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By Leika Kihara
TOKYO (Reuters) -More Bank of Japan policymakers discussed the prospects of an eventual exit from ultra-loose policy, a summary of opinions at their September meeting showed, sending 10-year government bond yields up to their highest levels in a decade.
The summary, which followed Governor Kazuo Ueda’s weekend speech on the exit path, suggests the central bank is slowly laying the groundwork for the end to negative interest rates.
Some in the nine-member board stressed the need to maintain monetary easing, with one saying an end to its bond yield control and negative interest rate policy “must be tied to the success” of hitting the bank’s price goal, the summary showed.
Others went further in laying out the conditions and possible timing of a future exit, even as the board voted unanimously to keep ultra-low interest rates in September.
One member said the second half of the current fiscal year, ending in March 2024, will be an “important period” in determining whether the BOJ’s price target will be achieved, according to the summary released on Monday.
Another member said achievement of the BOJ’s 2% inflation target seems to have “clearly come in sight,” which meant the bank may be able to determine whether the target will be met around January to March next year, the summary showed.
Some traders said the hawkish comments pushed up the benchmark 10-year Japanese government bond (JGB) yield briefly to 0.75%, the highest level in a decade and closer to the BOJ’s hard cap of 1%.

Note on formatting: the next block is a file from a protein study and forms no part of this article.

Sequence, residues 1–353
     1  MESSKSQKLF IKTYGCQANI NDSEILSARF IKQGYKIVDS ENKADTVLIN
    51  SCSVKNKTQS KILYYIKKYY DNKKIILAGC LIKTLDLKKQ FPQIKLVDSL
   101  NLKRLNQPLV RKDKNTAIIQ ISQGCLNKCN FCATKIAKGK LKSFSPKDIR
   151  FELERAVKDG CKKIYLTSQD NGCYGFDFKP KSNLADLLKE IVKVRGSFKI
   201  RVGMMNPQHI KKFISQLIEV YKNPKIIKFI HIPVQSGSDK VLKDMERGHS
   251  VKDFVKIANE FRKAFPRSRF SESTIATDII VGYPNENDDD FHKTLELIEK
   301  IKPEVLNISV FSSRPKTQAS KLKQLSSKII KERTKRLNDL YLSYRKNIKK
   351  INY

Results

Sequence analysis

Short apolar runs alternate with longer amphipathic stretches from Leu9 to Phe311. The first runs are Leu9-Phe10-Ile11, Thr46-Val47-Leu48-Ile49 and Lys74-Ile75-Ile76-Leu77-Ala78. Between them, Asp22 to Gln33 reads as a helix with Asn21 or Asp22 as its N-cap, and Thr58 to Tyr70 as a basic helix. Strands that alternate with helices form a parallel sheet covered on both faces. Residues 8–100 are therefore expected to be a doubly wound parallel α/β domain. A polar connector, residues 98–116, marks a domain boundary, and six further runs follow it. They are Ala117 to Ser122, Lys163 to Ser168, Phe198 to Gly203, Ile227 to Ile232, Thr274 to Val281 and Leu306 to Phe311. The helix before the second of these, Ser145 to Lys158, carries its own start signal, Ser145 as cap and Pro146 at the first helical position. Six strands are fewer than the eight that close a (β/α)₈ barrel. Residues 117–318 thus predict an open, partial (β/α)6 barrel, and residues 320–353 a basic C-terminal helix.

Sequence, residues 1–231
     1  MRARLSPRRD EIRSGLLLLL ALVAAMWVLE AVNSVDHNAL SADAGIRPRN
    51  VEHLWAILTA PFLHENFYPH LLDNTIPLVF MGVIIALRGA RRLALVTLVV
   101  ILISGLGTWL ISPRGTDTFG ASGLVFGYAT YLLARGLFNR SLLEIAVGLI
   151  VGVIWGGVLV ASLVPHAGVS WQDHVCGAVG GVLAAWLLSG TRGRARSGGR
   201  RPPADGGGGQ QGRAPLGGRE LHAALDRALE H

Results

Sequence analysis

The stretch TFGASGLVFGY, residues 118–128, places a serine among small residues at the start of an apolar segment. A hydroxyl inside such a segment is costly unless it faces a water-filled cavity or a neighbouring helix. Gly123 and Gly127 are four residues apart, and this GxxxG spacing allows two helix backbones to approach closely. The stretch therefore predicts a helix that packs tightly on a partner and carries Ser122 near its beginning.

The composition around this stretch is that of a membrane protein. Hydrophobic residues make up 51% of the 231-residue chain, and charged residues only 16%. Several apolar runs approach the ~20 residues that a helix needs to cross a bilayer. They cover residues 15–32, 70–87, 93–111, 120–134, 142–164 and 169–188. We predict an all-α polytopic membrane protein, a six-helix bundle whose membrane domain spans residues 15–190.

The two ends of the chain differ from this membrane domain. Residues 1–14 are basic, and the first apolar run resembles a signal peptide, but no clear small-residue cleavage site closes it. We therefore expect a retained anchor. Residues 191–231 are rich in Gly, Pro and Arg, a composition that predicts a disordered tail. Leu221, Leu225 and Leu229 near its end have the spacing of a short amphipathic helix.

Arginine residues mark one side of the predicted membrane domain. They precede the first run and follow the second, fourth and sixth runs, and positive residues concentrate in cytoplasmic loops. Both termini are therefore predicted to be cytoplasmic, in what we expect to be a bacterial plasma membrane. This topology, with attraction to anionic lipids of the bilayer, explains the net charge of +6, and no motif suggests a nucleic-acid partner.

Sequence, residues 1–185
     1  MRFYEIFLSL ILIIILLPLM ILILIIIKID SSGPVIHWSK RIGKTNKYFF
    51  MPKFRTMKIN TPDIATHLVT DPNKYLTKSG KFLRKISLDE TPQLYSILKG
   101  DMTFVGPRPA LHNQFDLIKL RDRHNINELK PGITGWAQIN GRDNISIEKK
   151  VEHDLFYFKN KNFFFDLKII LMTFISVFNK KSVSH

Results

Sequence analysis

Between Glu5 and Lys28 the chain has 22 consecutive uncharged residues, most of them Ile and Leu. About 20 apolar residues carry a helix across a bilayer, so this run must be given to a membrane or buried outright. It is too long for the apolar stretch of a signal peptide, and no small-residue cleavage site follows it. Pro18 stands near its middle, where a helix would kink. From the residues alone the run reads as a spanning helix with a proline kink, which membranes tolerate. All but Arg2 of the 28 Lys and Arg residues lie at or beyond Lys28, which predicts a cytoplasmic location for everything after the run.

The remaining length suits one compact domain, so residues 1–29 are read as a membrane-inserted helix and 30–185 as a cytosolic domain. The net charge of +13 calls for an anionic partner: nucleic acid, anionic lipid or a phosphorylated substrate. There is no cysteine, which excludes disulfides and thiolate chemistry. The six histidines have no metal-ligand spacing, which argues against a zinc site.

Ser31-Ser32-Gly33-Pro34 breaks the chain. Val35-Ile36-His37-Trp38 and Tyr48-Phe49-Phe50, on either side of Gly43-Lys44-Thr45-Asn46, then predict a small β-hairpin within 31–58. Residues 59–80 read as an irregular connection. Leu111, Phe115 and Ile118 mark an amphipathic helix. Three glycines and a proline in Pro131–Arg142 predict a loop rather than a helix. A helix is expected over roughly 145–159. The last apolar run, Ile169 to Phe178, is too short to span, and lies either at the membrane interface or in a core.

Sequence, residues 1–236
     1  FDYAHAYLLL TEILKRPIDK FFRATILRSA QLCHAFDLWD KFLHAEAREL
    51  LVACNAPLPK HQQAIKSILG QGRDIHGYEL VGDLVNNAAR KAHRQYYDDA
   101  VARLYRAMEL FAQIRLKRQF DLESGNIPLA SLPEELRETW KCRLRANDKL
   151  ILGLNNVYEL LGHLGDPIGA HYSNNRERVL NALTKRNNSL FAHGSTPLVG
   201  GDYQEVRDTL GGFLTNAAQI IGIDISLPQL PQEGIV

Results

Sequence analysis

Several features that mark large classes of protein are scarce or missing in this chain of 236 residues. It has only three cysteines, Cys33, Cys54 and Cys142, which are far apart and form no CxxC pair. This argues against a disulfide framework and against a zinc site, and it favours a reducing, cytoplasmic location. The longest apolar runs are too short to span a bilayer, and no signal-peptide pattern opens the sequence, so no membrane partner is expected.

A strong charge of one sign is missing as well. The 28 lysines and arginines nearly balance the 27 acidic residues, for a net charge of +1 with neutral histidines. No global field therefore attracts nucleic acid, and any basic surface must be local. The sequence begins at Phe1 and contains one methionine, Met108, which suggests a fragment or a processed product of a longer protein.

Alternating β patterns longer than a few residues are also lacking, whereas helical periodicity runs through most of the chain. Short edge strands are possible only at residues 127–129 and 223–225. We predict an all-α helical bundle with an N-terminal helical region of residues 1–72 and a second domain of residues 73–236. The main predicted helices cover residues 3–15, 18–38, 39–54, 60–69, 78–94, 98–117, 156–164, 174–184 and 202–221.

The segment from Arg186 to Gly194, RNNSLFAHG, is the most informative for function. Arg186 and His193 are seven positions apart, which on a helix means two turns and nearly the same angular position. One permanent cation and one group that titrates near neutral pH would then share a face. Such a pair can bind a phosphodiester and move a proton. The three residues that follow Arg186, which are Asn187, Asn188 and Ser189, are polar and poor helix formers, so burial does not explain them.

The summary showed some members flagging the need for small firms to hike wages and inflation to be driven more by higher service prices, for inflation to sustainably hit 2%.
Under yield curve control (YCC), the BOJ guides short-term interest rates at -0.1% and the yield around zero. The It is important for the Bank to carefully provide communication on this,” one member was quoted as saying in the September meeting summary.
While the BOJ took steps in July to make YCC more flexible, they have failed to eliminate the side-effects of the policy, another opinion showed, adding the role of YCC might be nearing an end.
In the future phase of an exit from ultra-loose policy, the BOJ should consider not only the treatment of YCC but whether it needs to continue buying assets other than Japanese government bonds (JGB), one member was quoted as saying.
Governor Ueda has stressed the need to keep policy ultra-loose until the recent cost-driven inflation turns into price rises underpinned by solid domestic demand.
But he has also said the BOJ will consider an exit when sustained, stable achievement of its price target is in sight. U